EAU 2018

EAU 2018: Early Surgical Safety Outcomes from PURE-01: Neoadjuvant Pembrolizumab before Radical Cystectomy For Muscle-Invasive Urothelial Bladder Carcinoma

Copenhagen, Denmark (UroToday.com) Briganti et al. presented a secondary analysis on the early surgical safety outcomes from PURE-01, a phase 2 open-label trial of neoadjuvant Pembrolizumab, an immune checkpoint inhibitor, prior to radical cystectomy for muscle-invasive bladder cancer (MIBC). Pembro is already approved for the treatment of metastatic urothelial carcinoma, and given the benefit of using neoadjuvant chemotherapy for MIBC, there is a great deal of excited anticipation to see how well checkpoint inhibitors may work in this space. Given the toxicity of chemotherapy regimens, using immune-oncologic agents would be a preferred choice, if clinically effective.

EAU 2018: Nomogram-Based Risk Prediction of Local and Distant Relapse After Radical Cystectomy and the Role of Perioperative Chemotherapy in Patients with Muscle-Invasive Bladder Cancer: A Multicenter Study

Copenhagen, Denmark (UroToday.com)  Necchi et al. presented data from 27 centers in Europe, U.S.A, Israel, and Canada, encompassing 1600 patients, on the development of a risk-prediction tool for the detection of local and distant relapse following radical cystectomy (RC) for patients with muscle-invasive bladder cancer (MIBC). The impetus for the study is the lack of knowledge of the relapse pattern for patients who have received perioperative chemotherapy compared to patients who do not receive chemotherapy. 

EAU 2018: Trends and Morbidity for Minimally Invasive vs Open Cytoreductive Nephrectomy in the Management of Metastatic Renal Cell Carcinoma

Copenhagen, Denmark (UroToday.com)  Cytoreductive nephrectomy (CN) prior to systemic therapy for metastatic renal cell carcinoma (RCC) is recommended in patients with a surgically resectable primary tumor. This is based on data from the IL-2 / IFN era but is continued to be recommended in the current guidelines. Many centers prioritize CN if the bulk of the cancer volume is still in the primary tumor.

EAU 2018: Case-based Debate: How to Treat Multi-focal Ta, HG Disease if BCG is Unavailable?

Copenhagen, Denmark (UroToday.com)  This is one of a series of case-based debates. Each is set up as follows: 2 min case-presentation, 5-min discussant presentation (two sides of the debate, discussion), summary 2 minutes. This was  series arranged by JA Witjes, M. Brausi, and P-U Malmstrom.

EAU 2018: mpMRI in Bladder Cancer: Development of VI-RADS ver 1.0

Copenhagen, Denmark (UroToday.com)  Dr. Valeria Panebianco from Italy presented their collaborative group’s development of the mpMRI VI-RADS 1.0 for bladder cancer. As Dr. Panebianco notes, there are clinical questions and imaging answers when it comes to staging bladder cancer and that a multimodal approach reduces the risk of error from one particular test, but may present a dilemma when results conflict. As clinicians that treat prostate cancer, we are all familiar with the PI-RADS system for mpMRI of the prostate, however there are other disease sites that also use a ‘RADS’ format, including breast (BI-RADS) and liver (LI-RADS).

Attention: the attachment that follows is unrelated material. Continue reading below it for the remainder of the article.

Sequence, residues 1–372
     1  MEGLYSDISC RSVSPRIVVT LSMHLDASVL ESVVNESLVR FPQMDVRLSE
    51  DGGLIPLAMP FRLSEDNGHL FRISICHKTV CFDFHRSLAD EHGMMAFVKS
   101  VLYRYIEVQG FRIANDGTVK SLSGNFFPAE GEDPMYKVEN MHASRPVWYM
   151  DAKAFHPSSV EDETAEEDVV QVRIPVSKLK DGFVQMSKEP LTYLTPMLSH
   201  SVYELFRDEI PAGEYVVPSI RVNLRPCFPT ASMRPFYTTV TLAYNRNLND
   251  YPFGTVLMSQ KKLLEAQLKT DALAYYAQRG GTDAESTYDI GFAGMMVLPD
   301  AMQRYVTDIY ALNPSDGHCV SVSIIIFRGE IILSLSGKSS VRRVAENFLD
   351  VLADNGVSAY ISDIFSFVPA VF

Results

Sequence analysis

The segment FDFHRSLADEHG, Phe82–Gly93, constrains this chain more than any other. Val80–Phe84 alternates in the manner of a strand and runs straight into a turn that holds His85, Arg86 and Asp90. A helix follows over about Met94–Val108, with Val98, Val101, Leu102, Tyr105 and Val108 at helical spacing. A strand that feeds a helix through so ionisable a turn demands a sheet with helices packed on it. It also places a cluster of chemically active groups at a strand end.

EAU 2018: Dividing Pathologically Upstaged T3a Renal Cell Carcinoma is Associated with Improved Alignment of Outcomes: A call for TMN Revision

Copenhagen, Denmark (UroToday.com) In this abstract, the authors propose updating the current TNM staging to account for pathologic upstaging. Specifically, they focus on patients identified on final pathology to represent pT3a disease (“Tumor extends into the renal vein or its segmental branches, or invades the pelvicalyceal system, or invades perirenal and/or renal sinus fat but not beyond Gerota’s fascia”). They correctly note that there is heterogeneity in outcomes in this patient population.

EAU 2018: Socioeconomic Status and Diagnosis, Treatment, and Mortality in Men with Prostate Cancer: A Nationwide Population-Based Study

Copenhagen, Denmark (UroToday.com)  Evidence from a variety of settings indicate that patients with higher socioeconomic status have better prostate cancer-specific outcomes. This has also been shown for several cancers in Sweden, a country with a tax-financed health care system aiming to provide care on equal terms to all residents. Dr. Ventimiglia and colleagues presented results of their nationwide population-based study examining the association between socioeconomic status and patterns of care and mortality in men with prostate cancer.